Gallbladder removal - open
Cholecystectomy - open; Gallbladder - open cholecystectomy; Cholecystitis - open cholecystectomy; Gallstones - open cholecystectomy
Open gallbladder removal is surgery to remove the gallbladder through a large cut in your abdomen.
The gallbladder is an organ that sits below the liver. It stores bile, which your body uses to digest fats in the small intestine.
Surgery is done while you are under general anesthesia so you will be asleep and pain-free. To perform the surgery:
- Your surgeon makes a 5 to 7 inch (12.5 to 17.5 centimeters) cut in the upper right part of your belly, just below your ribs.
- The area is opened up so your surgeon can view the gallbladder and separate it from the other organs.
- Your surgeon cuts the bile duct and blood vessels that lead to the gallbladder.
- The gallbladder is gently lifted out and removed from your body.
An x-ray called a cholangiogram may be done during your surgery.
- To do this test, dye is injected into your common bile duct and an x-ray is taken. The dye helps find stones that may be inside the common bile duct.
- If other stones are found, your surgeon will remove them with a special instrument.
The surgery takes about 1 to 2 hours.
Why the Procedure Is Performed
You may need this surgery if you have pain or other symptoms from gallstones. You may also need surgery if your gallbladder is not working normally.
Common symptoms may include:
- Indigestion, including bloating, heartburn, and gas
- Nausea and vomiting
- Pain after eating, usually in the upper right or upper middle area of your belly (epigastric pain)
The most common way to remove the gallbladder is by using a medical instrument called a laparoscope (laparoscopic cholecystectomy). Open gallbladder surgery is used when laparoscopic surgery cannot be done safely. In some cases, the surgeon needs to switch to an open surgery if laparoscopic surgery cannot be successfully continued.
Other reasons for removing the gallbladder by open surgery:
Before the Procedure
Your may have the following tests done before surgery:
- Blood tests (complete blood count, electrolytes, liver and kidney tests)
- Chest x-ray or electrocardiogram (ECG), for some people
- Several x-rays of the gallbladder
- Ultrasound of the gallbladder
Tell your surgeon or nurse:
- If you are or might be pregnant
- Which medicines, vitamins, and other supplements you are taking, even ones you bought without a prescription
During the week before surgery:
- You may be asked to stop taking aspirin, ibuprofen (Advil, Motrin), vitamin E, warfarin (Coumadin), and any other medicines that put you at a higher risk of bleeding during surgery.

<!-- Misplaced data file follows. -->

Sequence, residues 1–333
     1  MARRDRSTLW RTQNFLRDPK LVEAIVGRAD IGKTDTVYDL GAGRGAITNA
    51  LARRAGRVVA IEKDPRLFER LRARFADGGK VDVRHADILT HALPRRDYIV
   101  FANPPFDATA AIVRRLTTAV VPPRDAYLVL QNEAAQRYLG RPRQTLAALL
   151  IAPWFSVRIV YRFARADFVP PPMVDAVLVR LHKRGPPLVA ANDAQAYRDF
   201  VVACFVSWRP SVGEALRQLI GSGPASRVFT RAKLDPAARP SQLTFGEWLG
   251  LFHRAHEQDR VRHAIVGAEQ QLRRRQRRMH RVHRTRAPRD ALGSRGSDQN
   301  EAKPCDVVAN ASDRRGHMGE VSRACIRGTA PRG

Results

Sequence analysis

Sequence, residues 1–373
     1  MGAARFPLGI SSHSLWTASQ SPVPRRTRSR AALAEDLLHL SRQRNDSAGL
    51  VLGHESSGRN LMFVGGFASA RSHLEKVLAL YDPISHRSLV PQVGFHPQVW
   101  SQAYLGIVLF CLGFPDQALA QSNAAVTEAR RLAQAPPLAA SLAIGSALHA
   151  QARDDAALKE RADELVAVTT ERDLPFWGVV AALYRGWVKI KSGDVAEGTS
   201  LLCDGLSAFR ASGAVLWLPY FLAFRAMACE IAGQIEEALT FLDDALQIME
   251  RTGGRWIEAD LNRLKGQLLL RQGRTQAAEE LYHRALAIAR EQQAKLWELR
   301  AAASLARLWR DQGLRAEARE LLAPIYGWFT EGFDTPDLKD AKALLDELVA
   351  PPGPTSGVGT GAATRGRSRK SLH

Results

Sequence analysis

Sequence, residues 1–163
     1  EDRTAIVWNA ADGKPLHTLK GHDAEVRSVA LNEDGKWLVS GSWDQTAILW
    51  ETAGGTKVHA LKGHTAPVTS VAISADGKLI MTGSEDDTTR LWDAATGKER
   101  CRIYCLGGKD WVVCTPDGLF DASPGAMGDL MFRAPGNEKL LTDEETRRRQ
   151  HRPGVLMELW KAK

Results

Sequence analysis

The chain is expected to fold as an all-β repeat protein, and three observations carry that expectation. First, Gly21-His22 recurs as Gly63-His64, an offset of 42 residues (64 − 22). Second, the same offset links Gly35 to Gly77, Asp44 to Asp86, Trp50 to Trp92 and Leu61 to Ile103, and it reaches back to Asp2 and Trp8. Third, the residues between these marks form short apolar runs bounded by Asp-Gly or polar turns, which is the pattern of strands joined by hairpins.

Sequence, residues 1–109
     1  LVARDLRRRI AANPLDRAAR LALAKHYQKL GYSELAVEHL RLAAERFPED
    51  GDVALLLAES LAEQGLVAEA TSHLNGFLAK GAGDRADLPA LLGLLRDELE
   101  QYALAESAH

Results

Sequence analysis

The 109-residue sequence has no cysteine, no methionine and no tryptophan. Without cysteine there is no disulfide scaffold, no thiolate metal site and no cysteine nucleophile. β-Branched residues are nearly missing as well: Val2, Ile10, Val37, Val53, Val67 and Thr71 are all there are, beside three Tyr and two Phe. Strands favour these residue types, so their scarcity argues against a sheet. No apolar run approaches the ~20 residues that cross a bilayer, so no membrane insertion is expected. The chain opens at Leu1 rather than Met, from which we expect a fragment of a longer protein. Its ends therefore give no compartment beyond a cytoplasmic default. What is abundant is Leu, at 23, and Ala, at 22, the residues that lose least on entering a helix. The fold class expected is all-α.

- Ask your surgeon which medicines you should still take on the day of your surgery.
- Prepare your home for any problems you might have getting around after the surgery.
- You'll be told when to arrive at the hospital.
On the day of surgery:
- Follow instructions about when to stop eating and drinking.
- Take the medicines your surgeon told you to take with a small sip of water.
- Shower the night before or the morning of your surgery.
- Arrive at the hospital on time.
After the Procedure
You may need to stay in the hospital for 3 to 5 days after open gallbladder removal. During that time:
- You may be asked to breathe into a device called an incentive spirometer. This helps keep your lungs working well so that you do not get pneumonia.
- Your nurse will help you sit up in bed, hang your legs over the side, and then stand up and start to walk.
- At first, you will receive fluids into your vein through an intravenous (IV) tube. Soon after, you will be asked to start drinking liquids and eating foods.
- You will be able to shower while you are still in the hospital.
- You may be asked to wear pressure stockings on your legs to help prevent a blood clot from forming.
If there were problems during your surgery, or if you have bleeding, a lot of pain, or a fever, you may need to stay in the hospital longer. Your surgeon or nurses will tell you how to care for yourself after you leave the hospital.
Most people recover quickly and have good results from this procedure.
Bonds M, Rocha F. Cholecystectomy techniques and postoperative problems. In: Jarnagin WR, Allen PJ, Chapman WC, et al, eds. Blumgart's Surgery of the Liver, Biliary Tract, and Pancreas. 7th ed. Philadelphia, PA: Elsevier; 2023:chap 36.
Radkani P, Hawksworth J, Fishbein T. Biliary system. In: Townsend CM Jr, Beauchamp RD, Evers BM, Mattox KL, eds. Sabiston Textbook of Surgery. 21st ed. St Louis, MO: Elsevier; 2022:chap 55.
Last reviewed on: 9/9/2023
Reviewed by: Debra G. Wechter, MD, FACS, General Surgery Practice Specializing in Breast Cancer, Virginia Mason Medical Center, Seattle, WA. Also reviewed by David C. Dugdale, MD, Medical Director, Brenda Conaway, Editorial Director, and the A.D.A.M. Editorial team.